Published by Mark Ring, Wealth Advisor
If you’re like most of our clients, you are generous. You realize that the world goes far beyond just you and your family and you want to leave your mark on it. You are grateful for the opportunities you have received and want to pass it forward in a meaningful way.
You give to charity because you feel that it is the right thing to do. Our job at Jacob William Advisory is to help you do it in the wisest way possible. Every dollar that we can save you in taxes is another dollar that you can use to make the world a better place.
Did you know that you can send your required minimum distributions (RMDs) straight to a charity? Instead of transferring the money into your bank account first, you can have it sent directly to a charity. This is called a qualified charitable distribution (QCD).
Benefits Of Making A Qualified Charitable Distribution
While cutting out yourself as a middle man saves you a lot of time and administration, that’s not where the greatest benefit of a QCD lies. The greatest benefit is actually financial. You can save a lot of money on taxes by sending your RMD directly to a charity instead of taking it for yourself first.
When you make a QCD, it is excluded from your taxable income. The amount that you donate never shows up on your tax return. This leaves you with a lower taxable income, and, therefore, a lower tax bill. And you don’t even have to itemize your deductions to get this tax break.
Having a lower taxable income also helps in other ways. You may be eligible for more tax credits and deductions with a lower taxable income. Also, you may be able to avoid paying extra for Medicare.
Are You Eligible To Make A Qualified Charitable Distribution?
Not all retirement accounts are eligible to use the funds as a QCD. It has to be an IRA that is a traditional, rollover, inherited, inactive SEP, or inactive SIMPLE plan. A SEP or SIMPLE is considered inactive if no employer contribution has been made during the plan year that ends during the tax year that the charitable contribution is made.
In addition to having the right kind of account, these other requirements must be met:
- You must be age 70½ or older.
- To count toward the RMD for the year, the funds must come out of the IRA account by the RMD deadline, which is usually December 31. Excess donations cannot count toward future year RMDs.
- QCDs cannot be greater than the amount that would otherwise be taxed as ordinary income (excluding non-deductible contributions).
- Total QCDs cannot exceed $100,000 per calendar year per taxpayer, regardless of the number of charities donated to.
- Funds must be distributed directly to the charity. If you take a distribution and then give it to charity, it does not count as a QCD.
Is Your Charity Eligible To Receive A Qualified Charitable Distribution?
After establishing your own eligibility, you need to make sure that your charity is also eligible to receive a QCD. First, it must be a 501(c)(3) organization that is eligible to receive tax-deductible contributions.
On top of that, there are certain types of organizations that are not eligible to receive QCDs. They are:
- Private foundations
- Supporting organizations (charities that only exist to support other exempt organizations, usually public charities)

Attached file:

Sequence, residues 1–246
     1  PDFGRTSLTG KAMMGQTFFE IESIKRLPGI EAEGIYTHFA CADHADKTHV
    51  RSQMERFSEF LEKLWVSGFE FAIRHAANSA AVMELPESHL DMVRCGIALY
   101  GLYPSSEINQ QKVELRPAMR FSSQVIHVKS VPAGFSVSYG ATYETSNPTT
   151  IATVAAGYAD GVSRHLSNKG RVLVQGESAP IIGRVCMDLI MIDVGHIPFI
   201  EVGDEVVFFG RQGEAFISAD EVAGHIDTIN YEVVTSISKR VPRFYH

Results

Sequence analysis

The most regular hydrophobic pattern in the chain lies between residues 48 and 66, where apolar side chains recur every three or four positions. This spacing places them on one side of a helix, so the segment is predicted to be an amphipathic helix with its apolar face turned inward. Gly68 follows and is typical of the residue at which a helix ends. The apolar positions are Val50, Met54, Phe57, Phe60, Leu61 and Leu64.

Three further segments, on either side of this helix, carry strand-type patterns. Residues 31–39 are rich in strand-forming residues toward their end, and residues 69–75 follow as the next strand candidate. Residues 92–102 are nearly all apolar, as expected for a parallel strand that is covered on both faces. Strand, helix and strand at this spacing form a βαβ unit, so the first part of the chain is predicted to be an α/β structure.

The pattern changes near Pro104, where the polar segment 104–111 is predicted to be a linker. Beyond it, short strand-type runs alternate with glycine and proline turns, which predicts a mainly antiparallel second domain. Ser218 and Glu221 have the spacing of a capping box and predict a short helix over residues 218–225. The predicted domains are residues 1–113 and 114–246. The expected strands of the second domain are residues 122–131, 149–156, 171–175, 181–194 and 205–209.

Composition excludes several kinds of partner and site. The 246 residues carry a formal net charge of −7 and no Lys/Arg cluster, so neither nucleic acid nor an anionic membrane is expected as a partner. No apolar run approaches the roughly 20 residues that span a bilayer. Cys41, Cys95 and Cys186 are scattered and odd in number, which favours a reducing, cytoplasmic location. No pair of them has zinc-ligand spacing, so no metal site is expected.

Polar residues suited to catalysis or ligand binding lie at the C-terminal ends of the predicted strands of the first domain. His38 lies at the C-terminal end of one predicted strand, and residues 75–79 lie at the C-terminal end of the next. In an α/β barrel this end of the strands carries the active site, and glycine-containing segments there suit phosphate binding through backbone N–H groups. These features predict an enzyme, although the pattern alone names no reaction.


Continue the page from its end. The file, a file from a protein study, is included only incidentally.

- Donor-advised funds managed by public charities on behalf of individuals, families, or organizations
How Are Qualified Charitable Distributions Reported?
Unless it is an Inherited IRA, QCDs are reported as normal distributions on Form 1099-R. For Inherited IRAs, they are reported as death distributions. Though state rules vary, QCDs are not subject to federal tax withholding.
Because it is already tax-free, you may not claim the QCD as a charitable tax deduction. Even though you aren’t claiming it as a deduction, you need the same acknowledgment of the donation that you would need if you were. Keep this in your records in order to document the fact that the QCD was in fact qualified.
Work With A Professional
You are a generous person, so you are going to give to charities anyway. Why not do it in the most tax-efficient manner possible? QCDs are a great opportunity for anyone who is required to take minimum distributions from their retirement accounts.
Yet there are a lot of specific rules and requirements that must be met in order for the distributions to qualify for exempt status. Because of this, it is a good idea to work with an experienced financial professional if you want to make a QCD the right way. If qualified charitable distributions sound like something you might be interested in, call us at Jacob William Advisory at 410-821-6724 or email firstname.lastname@example.org to discuss how we can help you save on taxes in order to make the world a better place.
Mark Ring is the co-founder and Managing Partner of Jacob William Advisory, a wealth management firm whose sole mission is to service their clients’ needs beyond their expectations. Mark has over 30 years of industry experience and for the past decade, he has been committed to building Jacob William Advisory into one of the foremost wealth advisory firms. Mark graduated from the University of Maryland with a Bachelor of Science in Economics and spends his time outside of the office with his wife, Nancy, and his two wonderful children. He gives his time to numerous nonprofit organizations related to education and the arts, often serving as a board member. He enjoys playing tennis, golf, bicycling, cooking, and traveling. Learn more about Mark by connecting with him on LinkedIn.
For a comprehensive review of your personal situation, always consult with a tax or legal advisor.